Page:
It is a quiet Sunday afternoon here in the Land of Nodding Off; there is little traffic, not any sort of noisy anything, no one is out walking for it is too hot to be out. In fact it is so quiet the car sounds from the street sound like they are right in front of my house. There is a pall of somnolence that seems to be trapping every breathing mammal in its grip. My two dogs are sleeping so deep they ae snoring, and our little house guest who is much younger than they is sleeping so hard his little noise is hanging of the front of the chair.
This whole atmosphere reminds me of when I was a small girl and Sunday afternoons were set aside for rest. I would spread the funnies out on the floor and read every comic in them. Not so much understanding them all, but enjoying the colors contained in the pictures and the characters. I still save the funnies for last, for I am convinced they are the best part of the whole Sunday paper.
How our world needs Sundays rest! Imagine now if you can: no stores open, no blasting Captains of Capitalism shouting at us to get down here now it’s an Only Sunday Sale! No need to leap up out of bed before the sun gets up to crowd into the hours all the fun one can pack into them, for tomorrow work comes roaring back. Being able to have a cup of coffee on the front porch in nerve and muscle relaxing calm and quiet. To be able to take the time to actually hear the birds joyfully singing about the new day that is still fresh and clean and full of promise.
There was the getting to church on time, to be sure on Sunday mornings. And at the age I was speading the funnies on the living room in the afternoon, Sunday morinings could be fraught with contention. My oldest brother could never quite get himself together at the proper time to be able to walk out to the car fully dressed for church. Every Sunday morning, he came flying down the front steps, holding his dress pants up with one hand, his shirt and tie and shoes and socks streaming out behind him like his flag of standard, bellering to Mom “not to leave him”. He always rode in the back seat by the window that was shattered and cracked with veins of glass. He was the last one in the car, he got the seat no one else wanted. Mom let Mike and I ride in the front to keep us out of the line of his ire.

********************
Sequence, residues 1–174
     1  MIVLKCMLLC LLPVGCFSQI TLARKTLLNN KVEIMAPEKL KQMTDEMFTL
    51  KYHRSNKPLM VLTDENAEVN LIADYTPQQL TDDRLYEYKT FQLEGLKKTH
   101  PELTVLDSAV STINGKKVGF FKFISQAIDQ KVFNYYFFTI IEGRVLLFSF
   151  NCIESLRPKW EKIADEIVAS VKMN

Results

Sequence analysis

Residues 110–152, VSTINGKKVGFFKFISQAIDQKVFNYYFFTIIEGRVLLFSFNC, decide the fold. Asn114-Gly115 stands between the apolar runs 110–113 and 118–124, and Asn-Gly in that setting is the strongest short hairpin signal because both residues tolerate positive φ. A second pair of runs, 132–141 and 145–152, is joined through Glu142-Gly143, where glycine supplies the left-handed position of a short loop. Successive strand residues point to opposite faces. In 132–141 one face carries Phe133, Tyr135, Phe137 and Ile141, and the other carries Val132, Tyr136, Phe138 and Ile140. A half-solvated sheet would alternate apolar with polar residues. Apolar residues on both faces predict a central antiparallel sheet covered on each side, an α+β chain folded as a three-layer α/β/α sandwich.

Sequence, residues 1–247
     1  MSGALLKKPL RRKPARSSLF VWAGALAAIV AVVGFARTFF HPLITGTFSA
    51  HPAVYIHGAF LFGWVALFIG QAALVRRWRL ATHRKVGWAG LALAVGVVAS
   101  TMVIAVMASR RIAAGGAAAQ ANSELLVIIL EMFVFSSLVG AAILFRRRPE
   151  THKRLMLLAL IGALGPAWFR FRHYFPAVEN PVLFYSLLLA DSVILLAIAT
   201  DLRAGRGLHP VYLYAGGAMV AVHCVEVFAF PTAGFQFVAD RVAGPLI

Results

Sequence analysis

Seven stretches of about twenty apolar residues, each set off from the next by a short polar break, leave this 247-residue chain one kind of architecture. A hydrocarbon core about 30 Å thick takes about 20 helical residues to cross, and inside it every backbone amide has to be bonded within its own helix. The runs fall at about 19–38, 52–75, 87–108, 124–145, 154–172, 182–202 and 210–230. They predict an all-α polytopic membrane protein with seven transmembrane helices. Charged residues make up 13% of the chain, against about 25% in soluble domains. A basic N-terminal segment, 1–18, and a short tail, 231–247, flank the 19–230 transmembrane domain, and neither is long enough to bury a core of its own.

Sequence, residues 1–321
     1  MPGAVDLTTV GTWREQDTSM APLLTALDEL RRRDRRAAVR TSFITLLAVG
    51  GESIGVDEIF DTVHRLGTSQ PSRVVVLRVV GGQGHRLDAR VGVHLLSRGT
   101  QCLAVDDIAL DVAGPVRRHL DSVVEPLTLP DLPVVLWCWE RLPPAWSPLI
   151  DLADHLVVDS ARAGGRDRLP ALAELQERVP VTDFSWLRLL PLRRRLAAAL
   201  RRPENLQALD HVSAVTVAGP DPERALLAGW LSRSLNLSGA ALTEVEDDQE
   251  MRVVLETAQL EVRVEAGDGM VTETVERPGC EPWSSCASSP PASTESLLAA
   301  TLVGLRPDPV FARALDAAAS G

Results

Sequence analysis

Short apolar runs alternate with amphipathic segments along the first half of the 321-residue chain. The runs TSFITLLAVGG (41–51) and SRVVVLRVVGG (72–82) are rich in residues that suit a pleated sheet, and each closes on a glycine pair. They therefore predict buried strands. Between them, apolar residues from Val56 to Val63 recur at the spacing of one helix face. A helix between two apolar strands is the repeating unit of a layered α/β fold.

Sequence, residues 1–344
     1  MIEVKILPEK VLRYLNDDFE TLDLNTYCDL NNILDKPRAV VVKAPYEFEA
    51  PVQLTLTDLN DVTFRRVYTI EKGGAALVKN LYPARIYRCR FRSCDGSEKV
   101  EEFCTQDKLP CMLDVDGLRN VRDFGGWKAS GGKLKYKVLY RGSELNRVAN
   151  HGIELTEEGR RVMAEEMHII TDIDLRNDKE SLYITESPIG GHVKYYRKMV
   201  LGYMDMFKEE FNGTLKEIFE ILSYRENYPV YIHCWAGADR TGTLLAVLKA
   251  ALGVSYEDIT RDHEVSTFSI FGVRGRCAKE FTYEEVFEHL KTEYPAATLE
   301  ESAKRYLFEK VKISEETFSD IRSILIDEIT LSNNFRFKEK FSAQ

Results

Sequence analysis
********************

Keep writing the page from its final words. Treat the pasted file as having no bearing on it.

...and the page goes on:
Once Church and Sunday School was over and our “good clothes” were changed into everyday ones, we could pretty much do whatever we wished as long at it was at home and was a quiet endeavor. We tried playing Rummy sometimes, but the competition became so fierce with the accusations of cheating flying about at the top of our voices that card playing was banished to any day but Sunday. Mostly we read, funnies, library books, whatever we could get our hands on. Well, all of expect Edwin, he would sort of wander off into places unknown only to come back just before Sunday dinner. A mystery he was.
Some Sundays, if it was a “good” movie, we would go to the Beecham Theatre downtown Orlando. I remember seeing such great movies there, those 50’s ones that were always so fantastic to a small girl. We saw “The Sands of Iwo Jima” there, in the Lodges in the Balcony! I remember standing up and shouting “that’s my Daddy” when John Wayne charged up the beach. My Dad got me some candy for that. Those Sundays at the movies were always so special, we didn’t go home first to change clothes, but we were admonished not to get them dirty or else. I can still conjour up my white maryjanes sort of shinning in the dark theatre. It was all very magical.
Other Sundays we had very special company, the Pastor and his wife were coming to have dinner with us! Another instance where we were told to change clothes but not into everyday ones; nice ones, clean most definatley and to put our “manners” on with them. It was always chicken, always. Sometimes fried, sometimes baked, but always chicken And mashed potatoes and gravy, with corn and biscuits. And desert!!
It seems it was an unwritten fact that the families of the church would “have the Pastor and his wife and family” to dinner on a sort of rotation. Because the Lutheran Church we went to was fairly large for its time, our turn didn’t come up too often. When I converted to the Catholic Faith, that idea that the faithful would take turns feeding the pastor seemed to have stuck with me. I had both of the assoiciate priests to dinner with my boys and I. Memories of those dinners still bring a smile to me face. I still think of asking the priests at my parish now to dinner. To me it is a blessing to be able to sit down and have a meal with God’s chosen ones.
The clock has circled around enough times now, it is time to feed DaBoys and their house guest Oreo. Time to finish out this day of rest. Time to bestir myself to get the necessities completed for this day. A couple of after supper walks. A bit of treats afterward, then a settling in to watch some great programs on PBS.
Here’s nodding at you!